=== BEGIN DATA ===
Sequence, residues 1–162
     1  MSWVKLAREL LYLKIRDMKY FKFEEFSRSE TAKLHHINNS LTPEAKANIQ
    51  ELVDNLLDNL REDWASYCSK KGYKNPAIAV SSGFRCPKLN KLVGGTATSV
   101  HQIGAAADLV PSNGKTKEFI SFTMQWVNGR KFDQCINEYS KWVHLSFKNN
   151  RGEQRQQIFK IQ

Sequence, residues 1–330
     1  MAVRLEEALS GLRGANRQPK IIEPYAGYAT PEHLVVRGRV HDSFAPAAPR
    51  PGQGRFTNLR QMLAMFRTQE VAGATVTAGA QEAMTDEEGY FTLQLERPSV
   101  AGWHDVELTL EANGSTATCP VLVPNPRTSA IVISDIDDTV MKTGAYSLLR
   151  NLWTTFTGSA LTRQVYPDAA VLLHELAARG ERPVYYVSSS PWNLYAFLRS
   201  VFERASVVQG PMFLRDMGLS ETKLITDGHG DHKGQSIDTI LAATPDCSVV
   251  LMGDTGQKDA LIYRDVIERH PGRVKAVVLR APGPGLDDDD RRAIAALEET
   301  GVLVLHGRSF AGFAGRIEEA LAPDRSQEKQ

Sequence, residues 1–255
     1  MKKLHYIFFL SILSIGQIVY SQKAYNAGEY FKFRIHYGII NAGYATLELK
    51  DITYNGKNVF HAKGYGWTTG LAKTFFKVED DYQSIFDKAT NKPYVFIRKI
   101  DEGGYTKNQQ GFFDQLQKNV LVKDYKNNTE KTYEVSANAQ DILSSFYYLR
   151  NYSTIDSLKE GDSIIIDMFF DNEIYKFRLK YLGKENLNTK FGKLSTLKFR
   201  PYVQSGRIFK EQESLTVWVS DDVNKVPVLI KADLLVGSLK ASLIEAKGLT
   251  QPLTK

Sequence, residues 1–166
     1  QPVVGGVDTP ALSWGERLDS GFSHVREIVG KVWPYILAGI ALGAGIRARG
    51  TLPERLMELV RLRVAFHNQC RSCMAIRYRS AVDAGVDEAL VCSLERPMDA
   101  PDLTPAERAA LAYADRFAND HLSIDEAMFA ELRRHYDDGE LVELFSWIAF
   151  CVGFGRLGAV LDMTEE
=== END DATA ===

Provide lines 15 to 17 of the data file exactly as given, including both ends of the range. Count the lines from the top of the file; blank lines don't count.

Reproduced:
     1  MKKLHYIFFL SILSIGQIVY SQKAYNAGEY FKFRIHYGII NAGYATLELK
    51  DITYNGKNVF HAKGYGWTTG LAKTFFKVED DYQSIFDKAT NKPYVFIRKI
   101  DEGGYTKNQQ GFFDQLQKNV LVKDYKNNTE KTYEVSANAQ DILSSFYYLR